Wolfgramm was a big man, 185 cm tall and 140 kgs in weight, but as he had no international track record, he was a total unknown among the American, Cuban and European boxers expected to medal.

Pita Nikolas Taufatofua
Pita Nikolas Taufatofua

First up for Wolfgramm was a boxer from Belarus, Sergei Dahovich, whom Wolfgramm snuck by on points, 10-9. This set up a match with the Cuban, Alexis Rubalcaba. The Cuban boxers were always considered a threat. But Wolfgramm, a devout Morman, surprised essentially everyone, taking the fight to Rubalcaba, pummeling him at the ropes, and sending the Cuban to two standing eight counts. Wolfgramm won on points 17-12, and in that moment, to the chants of “Ton-ga! Ton-ga!” from the Atlanta crowd, went from unknown to unbelievable.

The entire island nation of Tonga was already celebrating its greatest Olympic moment as Wolfgramm had secured the nation’s first medal, guaranteed a bronze medal with the Cuban’s defeat. While the match between Wolfgramm and the Nigerian boxer Duncan Dokiwari was not televised in Tonga, the entire populace was on pins and needles when Wolfgramm took to the ring for semi-final bout.

The fight between Wolfgramm and the 1994 Victoria Commonwealth Games champion was a tight affair, tied 6-6 going into the third and final round. And the match stayed tied at 6 until the very final seconds, when Wolfgramm landed a punch to Dokiwari’s face to get the decisive point. Wolfgramm was going to the gold-medal round!

But there was a cost. Not only did Wolfgramm have a broken nose, he had broken his wrist in his desperate match against Dokiwari. And he was up against Vladimir Klitschko. The brainy PhD from the Ukraine, Klitschko would also go on to become a world heavyweight champion, in fact, the second longest reigning heavyweight champion of all time. (Joe Louis reigned for nearly 12 years, while Klitschko was champion for nearly 10.)

Wolfgramm had said that if this had not been a championship bout, he probably would have not gotten into the ring. But this was for gold, and he was reported to have said, “If I won a gold medal, I could not even imagine. I would die first, coach would die next and the king would give me half of Tonga.”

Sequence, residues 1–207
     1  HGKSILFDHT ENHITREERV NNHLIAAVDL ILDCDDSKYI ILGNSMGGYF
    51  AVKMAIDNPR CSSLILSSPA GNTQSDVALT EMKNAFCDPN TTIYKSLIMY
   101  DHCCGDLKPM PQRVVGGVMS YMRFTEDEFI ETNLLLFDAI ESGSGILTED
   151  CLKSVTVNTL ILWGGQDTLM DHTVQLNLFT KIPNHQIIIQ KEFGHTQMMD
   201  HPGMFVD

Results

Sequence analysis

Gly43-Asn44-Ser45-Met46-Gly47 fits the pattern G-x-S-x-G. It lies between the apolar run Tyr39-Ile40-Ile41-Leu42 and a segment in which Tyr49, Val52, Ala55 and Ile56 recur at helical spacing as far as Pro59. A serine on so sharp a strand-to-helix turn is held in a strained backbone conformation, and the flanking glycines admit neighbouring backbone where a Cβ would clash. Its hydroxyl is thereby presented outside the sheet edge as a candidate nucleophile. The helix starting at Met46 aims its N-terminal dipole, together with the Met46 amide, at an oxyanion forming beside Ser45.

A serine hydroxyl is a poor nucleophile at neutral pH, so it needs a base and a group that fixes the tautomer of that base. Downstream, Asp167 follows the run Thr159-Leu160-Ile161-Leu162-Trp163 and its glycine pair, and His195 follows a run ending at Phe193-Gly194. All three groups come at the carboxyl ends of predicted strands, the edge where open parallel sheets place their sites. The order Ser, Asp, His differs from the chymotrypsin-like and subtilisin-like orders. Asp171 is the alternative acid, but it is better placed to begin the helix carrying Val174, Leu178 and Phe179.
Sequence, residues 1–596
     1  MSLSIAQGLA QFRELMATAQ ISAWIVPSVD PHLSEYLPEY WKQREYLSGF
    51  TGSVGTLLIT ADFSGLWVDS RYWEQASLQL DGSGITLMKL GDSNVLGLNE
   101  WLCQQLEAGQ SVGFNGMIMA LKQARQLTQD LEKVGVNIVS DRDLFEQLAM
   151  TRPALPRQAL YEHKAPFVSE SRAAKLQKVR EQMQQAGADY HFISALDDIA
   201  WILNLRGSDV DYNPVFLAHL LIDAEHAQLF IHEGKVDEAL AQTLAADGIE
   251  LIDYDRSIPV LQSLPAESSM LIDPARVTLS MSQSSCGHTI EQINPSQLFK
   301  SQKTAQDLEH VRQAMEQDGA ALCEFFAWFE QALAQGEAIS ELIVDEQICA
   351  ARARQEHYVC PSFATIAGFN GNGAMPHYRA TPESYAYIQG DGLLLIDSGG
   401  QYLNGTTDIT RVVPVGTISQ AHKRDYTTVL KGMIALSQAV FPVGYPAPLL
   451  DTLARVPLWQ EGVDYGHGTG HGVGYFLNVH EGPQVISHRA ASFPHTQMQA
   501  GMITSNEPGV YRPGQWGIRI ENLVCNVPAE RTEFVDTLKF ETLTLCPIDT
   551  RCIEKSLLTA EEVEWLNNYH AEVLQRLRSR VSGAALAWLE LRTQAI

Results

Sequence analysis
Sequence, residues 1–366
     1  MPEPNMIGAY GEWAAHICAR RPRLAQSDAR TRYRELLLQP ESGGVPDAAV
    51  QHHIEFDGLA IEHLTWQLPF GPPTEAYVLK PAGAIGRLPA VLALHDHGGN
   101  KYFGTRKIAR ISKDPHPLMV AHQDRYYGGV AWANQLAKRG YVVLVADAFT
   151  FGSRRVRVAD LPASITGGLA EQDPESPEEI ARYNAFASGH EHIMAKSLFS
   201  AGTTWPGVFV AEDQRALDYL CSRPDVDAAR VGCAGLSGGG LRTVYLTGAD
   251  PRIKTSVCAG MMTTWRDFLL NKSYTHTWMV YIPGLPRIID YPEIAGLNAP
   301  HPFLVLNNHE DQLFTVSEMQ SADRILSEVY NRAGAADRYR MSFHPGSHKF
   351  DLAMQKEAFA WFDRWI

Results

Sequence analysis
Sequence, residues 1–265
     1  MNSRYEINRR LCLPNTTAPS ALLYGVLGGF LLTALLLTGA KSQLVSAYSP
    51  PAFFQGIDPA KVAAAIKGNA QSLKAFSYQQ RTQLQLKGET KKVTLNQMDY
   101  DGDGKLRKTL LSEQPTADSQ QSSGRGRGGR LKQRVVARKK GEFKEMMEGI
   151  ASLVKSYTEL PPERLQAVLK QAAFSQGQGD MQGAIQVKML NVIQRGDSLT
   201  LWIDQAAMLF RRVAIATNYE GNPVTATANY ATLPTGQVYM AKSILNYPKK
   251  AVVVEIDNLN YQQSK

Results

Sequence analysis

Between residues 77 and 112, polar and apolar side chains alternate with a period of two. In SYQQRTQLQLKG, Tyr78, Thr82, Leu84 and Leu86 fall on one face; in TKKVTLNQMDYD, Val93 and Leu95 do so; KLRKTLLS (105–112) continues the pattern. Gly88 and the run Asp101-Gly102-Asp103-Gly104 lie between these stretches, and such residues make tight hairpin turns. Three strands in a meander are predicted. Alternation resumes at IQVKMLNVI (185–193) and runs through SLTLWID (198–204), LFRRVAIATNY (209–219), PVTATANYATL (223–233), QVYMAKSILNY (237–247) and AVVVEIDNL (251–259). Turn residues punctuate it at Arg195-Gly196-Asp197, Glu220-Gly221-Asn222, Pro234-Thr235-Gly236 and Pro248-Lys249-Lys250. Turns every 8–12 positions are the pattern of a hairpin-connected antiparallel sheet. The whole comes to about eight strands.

The Tongan did not win, although he made the fight a fight. After the second round, Wolfgramm was down only 3-2. But the third round was the Ukrainian’s. Klitschko pummelled away, and won the gold-medal match 7-3. Despite the lack of resources and support, the broken nose and wrist, Wolfgramm battled for himself and for an entire nation. Of his wrist, Wolfgramm was quoted as saying, “I was willing for it to break into 2,000 pieces if necessary.

Wolfgramm would turn professional soon after the Atlanta Games, and go onto a successful career, winning his first 14 bouts, and retiring with a career record of 20-4.

Vladimir Klitschko defeats Paea Wolfgramm
Vladimir Klitschko defeats Paea Wolfgramm

Cotswold Games

Robbie Brightwell was a 16-year old student in Shropshire, England, and was straining to keep his eyes open while doing research in his local library when he came upon an old magazine and was struck by a picture of runners in a competition sometime in the late 19th century. As he related in his autobiography, Robbie Brightwell and His Golden Girl, he was surprised to see that in an area called Much Wenlock, not far from his own, there was a sporting event called “The Olympics”.

Intrigued, Brightwell, who went on to captain Britain’s track and field team at the 1964 Tokyo Olympics, began impromptu research into the Much Wenlock Games, and learned that Baron de Coubertin, at the age of 27, came to Much Wenlock and met an 81-year-old English physician, who planted the idea for what we now recognize as the Modern Olympics.

But as is true with any great endeavor, new ideas and initiatives are often built on earlier iterations. According to The Games: A Global History of the  Olympics by David Goldblatt, events held in both England and France could be considered precursors to Coubertin’s Olympics.